The union between The Greenbrier, the premier establishment retreat, and Sam Snead, the supreme backwoods hustler, seemed like golf's equivalent of Julia Roberts and Lyle Lovett--a very odd match, albeit one that lasted more than 65 years until Snead's death in 2002. When you visit this resort in the Allegheny Mountains of West Virginia, the marriage makes sense.
Combining a welcoming hominess with a classy veneer, the stately getaway opened in 1778 and has hosted presidents, kings and Andy Bean. The golf spans the centuries, too--from hickory shafts to the Ryder Cup. Be sure to raise a glass to Sam as you make your own history.
6,675 yards, par 72; non-hotel guests: $350; guests: $185.
Jack Nicklaus redesigned this 1922 Seth Raynor layout prior to the 1979 Ryder Cup. At just 6,675 yards from the tips, length isn't the issue here. The keys are finding the fairways--which is no easy task on this tight, tree-lined design--and, more importantly, the proper side of the fairways, since sand and water keep a close watch over the greens. You can only attack the pins here from green-light angles. Three putts will be all-too-common if you don't find the right level on the multitiered greens. Slammin' Sam owns the course record: a tournament 59 in 1959.
6,683 yards, par 70; non-hotel guests: $350; guests: $185
The Greenbrier's first course, a 1915 Charles Blair Macdonald design with Seth Raynor updates, is the subject of an ongoing restoration set to conclude this winter (the course is open through mid-October) with the goal of bringing back some of the audacious bunkering and green complexes that have eroded over time. Now, as then, the fast, sloping greens and 12 varied par 4's on this track are the hallmarks. Unlike the Greenbrier course, death here comes not with a bang but by a thousand nicks and cuts.
6,776 yards, par 71; non-hotel guests: $350; guests: $185
A diverse resort layout, thanks in part to its complex parentage, which contains elements of Raynor, Dick Wilson and, more recently, Bob Cupp (Tom Fazio also made uncredited tweaks to two holes). The one constant has been the panoramic views of the Allegheny Mountains, making this a favorite for golf-is-a-walk-in-the-park types. Though it sports a few forced water carries, including the 188-yard island-green second hole, the design features plenty of width off the tee and enough open greens to make it playable for golfers across the talent spectrum. That's for the best, since frustrated golfers wouldn't know which architect to blame.
For tee times at The Greenbrier's courses call 800-453-4858 or visit greenbrier.com.
2,235 yards, par 35; $95
Located three miles from The Greenbrier, this is the first golf club established in the U.S.--formed in 1884--and a must-see for history buffs and masochists alike. Visitors must navigate the layout using borrowed hickory-shafted clubs and gutta-percha balls (specially made in the U.K.), and without those modern wooden tees (the staff teaches you to make 'em from sand and water). The greatest hazard is the sheep that tend the course. It all sounds quaint--until you make a 13 on a 322-yard par 5. You may well leave thinking Old Tom Morris was the greatest golfer ever. oakhurst1884.com, 304-536-1884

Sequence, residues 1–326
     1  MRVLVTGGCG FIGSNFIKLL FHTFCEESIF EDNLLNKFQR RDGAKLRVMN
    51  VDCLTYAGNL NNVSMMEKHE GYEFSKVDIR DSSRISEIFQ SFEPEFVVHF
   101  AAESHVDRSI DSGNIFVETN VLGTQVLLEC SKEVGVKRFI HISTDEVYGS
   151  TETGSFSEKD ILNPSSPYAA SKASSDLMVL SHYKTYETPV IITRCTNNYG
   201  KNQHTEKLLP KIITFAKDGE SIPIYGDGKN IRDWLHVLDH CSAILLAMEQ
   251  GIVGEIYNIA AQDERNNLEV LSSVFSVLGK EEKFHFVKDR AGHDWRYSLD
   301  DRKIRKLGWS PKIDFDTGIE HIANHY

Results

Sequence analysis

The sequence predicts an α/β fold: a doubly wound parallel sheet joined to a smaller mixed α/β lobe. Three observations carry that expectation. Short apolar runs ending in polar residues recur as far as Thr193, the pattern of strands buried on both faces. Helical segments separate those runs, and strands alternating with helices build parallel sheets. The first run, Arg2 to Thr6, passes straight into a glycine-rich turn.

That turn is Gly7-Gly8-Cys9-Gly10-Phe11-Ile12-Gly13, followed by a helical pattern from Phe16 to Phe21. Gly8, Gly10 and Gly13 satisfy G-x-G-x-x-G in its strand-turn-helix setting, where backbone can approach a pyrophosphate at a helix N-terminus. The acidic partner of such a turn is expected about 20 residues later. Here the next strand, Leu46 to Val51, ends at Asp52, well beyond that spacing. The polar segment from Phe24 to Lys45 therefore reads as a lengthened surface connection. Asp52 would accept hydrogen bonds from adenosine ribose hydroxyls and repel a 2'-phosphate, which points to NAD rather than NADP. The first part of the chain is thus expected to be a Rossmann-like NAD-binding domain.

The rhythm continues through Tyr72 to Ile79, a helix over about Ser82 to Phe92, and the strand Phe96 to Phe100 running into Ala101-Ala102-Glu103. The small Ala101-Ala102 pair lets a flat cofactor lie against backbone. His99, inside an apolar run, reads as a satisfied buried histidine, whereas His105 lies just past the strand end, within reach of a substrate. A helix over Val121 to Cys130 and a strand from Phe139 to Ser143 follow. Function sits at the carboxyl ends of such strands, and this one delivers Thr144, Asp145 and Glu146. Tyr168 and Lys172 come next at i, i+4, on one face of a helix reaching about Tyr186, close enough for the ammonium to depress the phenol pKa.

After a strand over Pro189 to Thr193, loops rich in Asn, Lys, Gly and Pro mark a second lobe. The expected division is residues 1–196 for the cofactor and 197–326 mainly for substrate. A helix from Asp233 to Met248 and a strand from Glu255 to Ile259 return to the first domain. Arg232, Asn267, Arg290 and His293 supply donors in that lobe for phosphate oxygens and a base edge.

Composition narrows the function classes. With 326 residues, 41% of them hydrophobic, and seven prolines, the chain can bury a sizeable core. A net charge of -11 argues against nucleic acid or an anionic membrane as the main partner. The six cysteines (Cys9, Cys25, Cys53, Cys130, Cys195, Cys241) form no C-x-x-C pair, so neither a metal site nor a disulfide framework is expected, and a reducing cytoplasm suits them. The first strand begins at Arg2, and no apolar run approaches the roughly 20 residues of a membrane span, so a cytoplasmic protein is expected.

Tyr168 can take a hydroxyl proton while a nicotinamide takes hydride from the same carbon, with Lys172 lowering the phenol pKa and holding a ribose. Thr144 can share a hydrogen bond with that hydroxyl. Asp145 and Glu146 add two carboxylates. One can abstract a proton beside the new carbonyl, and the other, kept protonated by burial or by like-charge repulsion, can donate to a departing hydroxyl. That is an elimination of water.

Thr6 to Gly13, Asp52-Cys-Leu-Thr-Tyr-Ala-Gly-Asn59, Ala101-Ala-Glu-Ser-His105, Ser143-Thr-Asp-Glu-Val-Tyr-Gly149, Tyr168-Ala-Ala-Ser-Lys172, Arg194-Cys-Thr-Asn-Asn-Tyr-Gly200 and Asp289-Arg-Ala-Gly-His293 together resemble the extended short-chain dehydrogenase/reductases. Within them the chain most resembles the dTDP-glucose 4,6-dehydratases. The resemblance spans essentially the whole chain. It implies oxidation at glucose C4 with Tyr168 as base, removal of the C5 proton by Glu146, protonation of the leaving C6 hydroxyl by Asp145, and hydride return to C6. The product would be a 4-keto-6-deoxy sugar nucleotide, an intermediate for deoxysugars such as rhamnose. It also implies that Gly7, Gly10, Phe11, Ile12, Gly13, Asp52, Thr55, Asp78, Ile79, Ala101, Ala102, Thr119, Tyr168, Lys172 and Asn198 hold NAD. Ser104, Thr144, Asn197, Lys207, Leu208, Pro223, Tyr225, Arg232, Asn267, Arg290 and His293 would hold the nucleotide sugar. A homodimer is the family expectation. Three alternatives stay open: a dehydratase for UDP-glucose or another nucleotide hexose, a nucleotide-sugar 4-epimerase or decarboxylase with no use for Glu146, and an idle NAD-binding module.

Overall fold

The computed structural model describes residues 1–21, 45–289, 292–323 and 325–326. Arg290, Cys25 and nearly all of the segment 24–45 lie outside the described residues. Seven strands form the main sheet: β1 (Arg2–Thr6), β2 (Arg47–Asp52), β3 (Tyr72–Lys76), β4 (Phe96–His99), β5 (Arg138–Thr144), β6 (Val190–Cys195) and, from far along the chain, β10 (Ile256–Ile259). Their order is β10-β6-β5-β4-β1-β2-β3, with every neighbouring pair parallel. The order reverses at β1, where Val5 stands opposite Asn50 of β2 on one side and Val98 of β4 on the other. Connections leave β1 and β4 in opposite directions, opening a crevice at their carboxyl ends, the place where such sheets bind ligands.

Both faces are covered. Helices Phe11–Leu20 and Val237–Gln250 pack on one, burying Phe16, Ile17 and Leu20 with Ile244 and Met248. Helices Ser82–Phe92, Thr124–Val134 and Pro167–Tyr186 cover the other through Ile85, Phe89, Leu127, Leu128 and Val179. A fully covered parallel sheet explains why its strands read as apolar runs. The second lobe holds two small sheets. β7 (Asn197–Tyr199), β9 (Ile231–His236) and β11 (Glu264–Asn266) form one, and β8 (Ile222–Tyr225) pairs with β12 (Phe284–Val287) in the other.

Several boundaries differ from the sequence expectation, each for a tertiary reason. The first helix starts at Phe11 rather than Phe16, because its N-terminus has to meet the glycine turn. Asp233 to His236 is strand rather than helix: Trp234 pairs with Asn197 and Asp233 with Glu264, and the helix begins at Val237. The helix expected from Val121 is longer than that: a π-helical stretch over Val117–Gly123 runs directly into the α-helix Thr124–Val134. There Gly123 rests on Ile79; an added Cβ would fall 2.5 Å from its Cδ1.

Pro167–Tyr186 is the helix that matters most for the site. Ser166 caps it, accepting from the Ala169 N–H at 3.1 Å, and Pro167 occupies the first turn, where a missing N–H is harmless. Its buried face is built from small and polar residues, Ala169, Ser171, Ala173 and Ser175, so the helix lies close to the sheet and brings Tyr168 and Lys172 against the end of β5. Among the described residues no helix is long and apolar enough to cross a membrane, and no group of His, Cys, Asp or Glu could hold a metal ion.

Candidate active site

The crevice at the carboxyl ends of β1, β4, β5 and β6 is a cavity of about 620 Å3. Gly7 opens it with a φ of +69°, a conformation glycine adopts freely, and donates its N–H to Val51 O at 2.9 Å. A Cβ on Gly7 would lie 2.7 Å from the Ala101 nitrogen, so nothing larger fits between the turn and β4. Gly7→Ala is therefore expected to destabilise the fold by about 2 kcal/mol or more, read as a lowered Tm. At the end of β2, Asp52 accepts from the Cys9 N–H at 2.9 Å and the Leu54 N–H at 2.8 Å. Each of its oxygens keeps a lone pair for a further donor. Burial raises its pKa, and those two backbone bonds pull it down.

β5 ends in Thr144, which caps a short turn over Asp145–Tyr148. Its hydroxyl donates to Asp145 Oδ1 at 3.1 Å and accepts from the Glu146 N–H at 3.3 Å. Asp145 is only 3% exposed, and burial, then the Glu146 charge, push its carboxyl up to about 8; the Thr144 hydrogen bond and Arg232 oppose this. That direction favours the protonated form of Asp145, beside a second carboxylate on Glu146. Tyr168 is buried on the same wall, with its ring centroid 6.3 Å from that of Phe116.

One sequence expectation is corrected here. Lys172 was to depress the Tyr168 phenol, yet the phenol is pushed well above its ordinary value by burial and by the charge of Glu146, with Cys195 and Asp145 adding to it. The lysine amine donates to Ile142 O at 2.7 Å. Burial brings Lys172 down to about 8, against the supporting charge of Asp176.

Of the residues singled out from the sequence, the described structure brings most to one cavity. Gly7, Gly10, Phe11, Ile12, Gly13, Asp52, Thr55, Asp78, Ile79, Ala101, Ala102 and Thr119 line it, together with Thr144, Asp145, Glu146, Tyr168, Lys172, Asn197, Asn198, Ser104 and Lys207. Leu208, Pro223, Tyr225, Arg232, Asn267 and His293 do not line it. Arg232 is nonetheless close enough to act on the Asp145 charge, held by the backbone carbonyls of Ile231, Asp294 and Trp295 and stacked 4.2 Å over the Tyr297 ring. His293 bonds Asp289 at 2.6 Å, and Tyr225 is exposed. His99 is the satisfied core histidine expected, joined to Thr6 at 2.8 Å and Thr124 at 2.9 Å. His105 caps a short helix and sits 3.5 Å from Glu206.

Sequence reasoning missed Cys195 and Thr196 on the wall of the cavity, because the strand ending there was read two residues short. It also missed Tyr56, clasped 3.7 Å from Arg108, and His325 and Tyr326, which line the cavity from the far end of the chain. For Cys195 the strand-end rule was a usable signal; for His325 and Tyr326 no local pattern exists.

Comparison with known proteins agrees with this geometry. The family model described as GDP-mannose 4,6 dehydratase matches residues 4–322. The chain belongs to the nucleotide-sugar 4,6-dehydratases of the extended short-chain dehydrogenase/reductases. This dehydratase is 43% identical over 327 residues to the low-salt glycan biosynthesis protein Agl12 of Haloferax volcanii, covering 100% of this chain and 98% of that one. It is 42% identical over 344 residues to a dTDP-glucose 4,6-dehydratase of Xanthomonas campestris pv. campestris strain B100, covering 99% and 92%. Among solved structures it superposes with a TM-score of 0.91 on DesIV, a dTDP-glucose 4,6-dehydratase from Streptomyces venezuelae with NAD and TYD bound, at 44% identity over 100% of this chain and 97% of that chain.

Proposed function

Learn how to use an SUV the way it was meant to be--not cruising to the mall and soccer practice but rather over the river and through the woods--at the Greenbrier Off-Road Driving School. Lessons from one to four hours start at $185.
Golfers don't need selling on the allure of having a bird at one's beck and call. There are no eagles at the Falconry Academy, but you will find trained falcons and hawks. $85.
Once part of the C&O railway, the 76-mile Greenbrier River Trail satisfies all active-lifestyle needs. Free Spirit Adventures cares for hikers and bikers (304-536-0333; freespiritadventures.com). Kayakers can call the Greenbrier River Company (800-775-2203; greenbrierriver.com). Canoodlers, you're on your own. $30 per person.
Lewisburg is a quaint Southern town of art galleries and antique shops. It's also a National Register Historic District because a Civil War battle was fought in its city center.
The bones of the prehistoric three-toed sloth that Thomas Jefferson presented to Philadelphia's Philosophical Society were found at Organ Cave; daily guided tours showcase the scientific and historical importance of the cave. $12.50 plus tax. 304-645-7600, organcave.com.
Fly into Greenbrier Valley Airport on U.S. Airways from Charlotte, Washington Dulles and Pittsburgh; Delta flies here from Atlanta. Another option is Roanoke Regional Airport in Roanoke, Virginia, an hour and a half drive from the resort.
Where to Eat
The Tavern Room The Greenbrier's most intimate dining option, with piano music and a wine list to cheer Greg Norman.
Be amuse bouched to death as the resort staff offer you samples of just about everything on the menu.Food & Friends Recently featured on the Food Network's "The Best of..." series and rightly revered for its sizzling steaks. Located in Lewisburg. foodandfriends.com; 304-645-4548.
General Lewis Inn
Another Lewisburg staple best known for its rainbow trout, sauteed, broiled or blackened. generallewisinn.com, 304-645-2600.
Where to Stay
How good is the Greenbrier's service? Both sides occupied the original hotel during the Civil War. Accommodations are on a Modified American Plan that includes breakfast and dinner.
The Deluxe Golf Package runs through October and includes unlimited play as well as breakfast and dinner. Costs range from $430 to $494 per day, per person, double occupancy. greenbrier.com, 800-453-4858.